St Mary’s Church, Pentraeth

St Mary’s Church, Pentraeth

The church at Pentraeth is mentioned in records from 1254. The current building includes some medieval stonework. It was expanded in later centuries and restored at various times in the 19th century and in 1910.

In the churchyard stands a small building which housed the local hearse and is thought to date from the 18th century or early 19th.

In 1909 the body of sailor Lewis Hughes was brought here after a ketch was wrecked at Red Wharf Bay while trying to land a cargo of coal from Connah’s Quay at Llanddona. The men of the Penmon lifeboat braved the storm but the ketch’s three crew members refused to be rescued and drowned. Lewis’ body was found, still tied to the mast. Following his inquest, the body rested here for a night before going to his native Holyhead for burial.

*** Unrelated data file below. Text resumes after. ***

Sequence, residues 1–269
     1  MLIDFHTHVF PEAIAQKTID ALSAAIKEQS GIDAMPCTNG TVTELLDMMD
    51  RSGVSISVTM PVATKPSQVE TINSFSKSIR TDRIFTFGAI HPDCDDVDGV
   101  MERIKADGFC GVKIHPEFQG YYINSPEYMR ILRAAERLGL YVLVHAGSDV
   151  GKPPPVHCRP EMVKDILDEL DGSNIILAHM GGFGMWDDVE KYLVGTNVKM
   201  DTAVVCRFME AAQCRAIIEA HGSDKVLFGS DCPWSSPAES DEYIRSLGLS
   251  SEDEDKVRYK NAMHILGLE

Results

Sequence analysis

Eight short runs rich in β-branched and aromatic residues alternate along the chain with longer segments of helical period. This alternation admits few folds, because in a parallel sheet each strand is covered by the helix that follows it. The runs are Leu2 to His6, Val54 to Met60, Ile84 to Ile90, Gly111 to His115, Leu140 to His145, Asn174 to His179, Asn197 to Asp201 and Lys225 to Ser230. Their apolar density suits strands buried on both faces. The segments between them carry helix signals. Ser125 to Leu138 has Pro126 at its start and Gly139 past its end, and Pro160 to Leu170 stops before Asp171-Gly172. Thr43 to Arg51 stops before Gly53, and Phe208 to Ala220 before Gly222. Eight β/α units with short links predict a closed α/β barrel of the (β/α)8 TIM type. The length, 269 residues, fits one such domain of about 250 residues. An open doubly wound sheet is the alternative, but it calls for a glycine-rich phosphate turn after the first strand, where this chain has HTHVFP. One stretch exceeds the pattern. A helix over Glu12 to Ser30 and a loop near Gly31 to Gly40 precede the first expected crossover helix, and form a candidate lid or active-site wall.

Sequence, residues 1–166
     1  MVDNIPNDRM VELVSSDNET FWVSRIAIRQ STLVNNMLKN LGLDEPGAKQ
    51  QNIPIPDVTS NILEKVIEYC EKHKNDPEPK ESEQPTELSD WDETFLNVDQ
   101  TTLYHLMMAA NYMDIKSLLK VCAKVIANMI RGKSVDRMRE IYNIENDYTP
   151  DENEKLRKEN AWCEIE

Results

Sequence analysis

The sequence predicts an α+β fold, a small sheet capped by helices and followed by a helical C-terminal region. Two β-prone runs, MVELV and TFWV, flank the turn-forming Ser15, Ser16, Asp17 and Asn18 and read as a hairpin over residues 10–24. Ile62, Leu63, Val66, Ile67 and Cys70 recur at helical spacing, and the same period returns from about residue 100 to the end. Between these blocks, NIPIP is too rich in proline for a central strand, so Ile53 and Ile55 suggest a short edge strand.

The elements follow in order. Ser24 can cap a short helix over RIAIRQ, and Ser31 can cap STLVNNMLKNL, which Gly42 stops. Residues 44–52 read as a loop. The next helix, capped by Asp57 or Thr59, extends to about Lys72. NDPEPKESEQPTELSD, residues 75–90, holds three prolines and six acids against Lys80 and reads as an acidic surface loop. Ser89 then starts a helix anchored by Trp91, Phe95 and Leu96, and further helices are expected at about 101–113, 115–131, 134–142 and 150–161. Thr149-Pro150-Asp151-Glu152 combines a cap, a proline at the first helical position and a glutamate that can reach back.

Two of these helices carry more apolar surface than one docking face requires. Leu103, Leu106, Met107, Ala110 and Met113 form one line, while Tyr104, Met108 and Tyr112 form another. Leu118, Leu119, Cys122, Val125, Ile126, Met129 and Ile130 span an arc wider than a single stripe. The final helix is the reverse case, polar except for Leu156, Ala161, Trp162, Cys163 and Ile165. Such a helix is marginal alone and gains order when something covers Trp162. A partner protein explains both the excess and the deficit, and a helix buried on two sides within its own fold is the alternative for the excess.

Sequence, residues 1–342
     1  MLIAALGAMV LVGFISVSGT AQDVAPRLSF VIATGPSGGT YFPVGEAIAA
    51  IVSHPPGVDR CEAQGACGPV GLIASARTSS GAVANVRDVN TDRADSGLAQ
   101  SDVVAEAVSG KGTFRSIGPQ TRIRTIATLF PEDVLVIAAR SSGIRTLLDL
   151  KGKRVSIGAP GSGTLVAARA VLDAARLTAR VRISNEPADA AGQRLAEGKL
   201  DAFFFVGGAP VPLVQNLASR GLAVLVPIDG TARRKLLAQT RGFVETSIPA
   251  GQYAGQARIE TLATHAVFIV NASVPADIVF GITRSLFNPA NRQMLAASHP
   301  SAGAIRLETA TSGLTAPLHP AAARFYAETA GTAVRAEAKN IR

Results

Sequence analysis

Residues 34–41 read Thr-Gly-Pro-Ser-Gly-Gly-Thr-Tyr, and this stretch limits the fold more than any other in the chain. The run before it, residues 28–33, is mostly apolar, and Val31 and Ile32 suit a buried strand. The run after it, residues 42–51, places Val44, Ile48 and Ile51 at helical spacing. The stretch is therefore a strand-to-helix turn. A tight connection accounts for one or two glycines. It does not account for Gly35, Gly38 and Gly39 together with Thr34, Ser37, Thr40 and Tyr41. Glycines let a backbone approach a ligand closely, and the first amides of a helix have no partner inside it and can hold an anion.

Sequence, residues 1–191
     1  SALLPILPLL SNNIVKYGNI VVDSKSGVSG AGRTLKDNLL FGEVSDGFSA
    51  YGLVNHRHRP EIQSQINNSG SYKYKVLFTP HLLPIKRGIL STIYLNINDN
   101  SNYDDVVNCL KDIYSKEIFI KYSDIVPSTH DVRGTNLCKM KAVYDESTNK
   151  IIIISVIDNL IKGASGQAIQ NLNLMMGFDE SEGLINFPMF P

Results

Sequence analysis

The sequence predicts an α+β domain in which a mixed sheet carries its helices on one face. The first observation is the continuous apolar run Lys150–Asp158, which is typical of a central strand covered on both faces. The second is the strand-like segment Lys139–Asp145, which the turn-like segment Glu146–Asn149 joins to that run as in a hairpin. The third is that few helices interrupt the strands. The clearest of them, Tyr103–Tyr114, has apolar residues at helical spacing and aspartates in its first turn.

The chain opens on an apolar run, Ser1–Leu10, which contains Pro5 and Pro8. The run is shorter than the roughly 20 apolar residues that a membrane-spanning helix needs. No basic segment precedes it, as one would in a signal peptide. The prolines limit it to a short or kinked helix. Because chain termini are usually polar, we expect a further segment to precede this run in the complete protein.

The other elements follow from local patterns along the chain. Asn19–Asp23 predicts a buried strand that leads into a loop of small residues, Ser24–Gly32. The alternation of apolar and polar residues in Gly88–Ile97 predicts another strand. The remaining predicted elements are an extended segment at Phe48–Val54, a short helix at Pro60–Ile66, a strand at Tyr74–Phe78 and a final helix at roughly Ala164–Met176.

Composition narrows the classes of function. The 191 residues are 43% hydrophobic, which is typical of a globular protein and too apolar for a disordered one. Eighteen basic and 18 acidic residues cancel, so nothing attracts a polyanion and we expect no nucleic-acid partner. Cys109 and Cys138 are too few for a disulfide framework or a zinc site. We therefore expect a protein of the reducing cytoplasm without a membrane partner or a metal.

Inside the church are memorials to people connected with the nearby Plas Gwyn estate, including members of the Jones and Panton families who lived there in the 18th century. There is also a memorial to Charles Crespigny Vivian, 2nd Baron Vivian, who married into the Panton family in 1841. He was a Whig politician and ambassador. His granddaughter Dorothy married Earl Haig, the controversial leader of British forces in France in the First World War. You can read more about the family on our page about the Panton Arms, opposite the church.

The village’s First World War memorial is set into the boundary wall. There are two official war graves in the churchyard.

Postcode: LL75 8AZ    View Location Map

Church website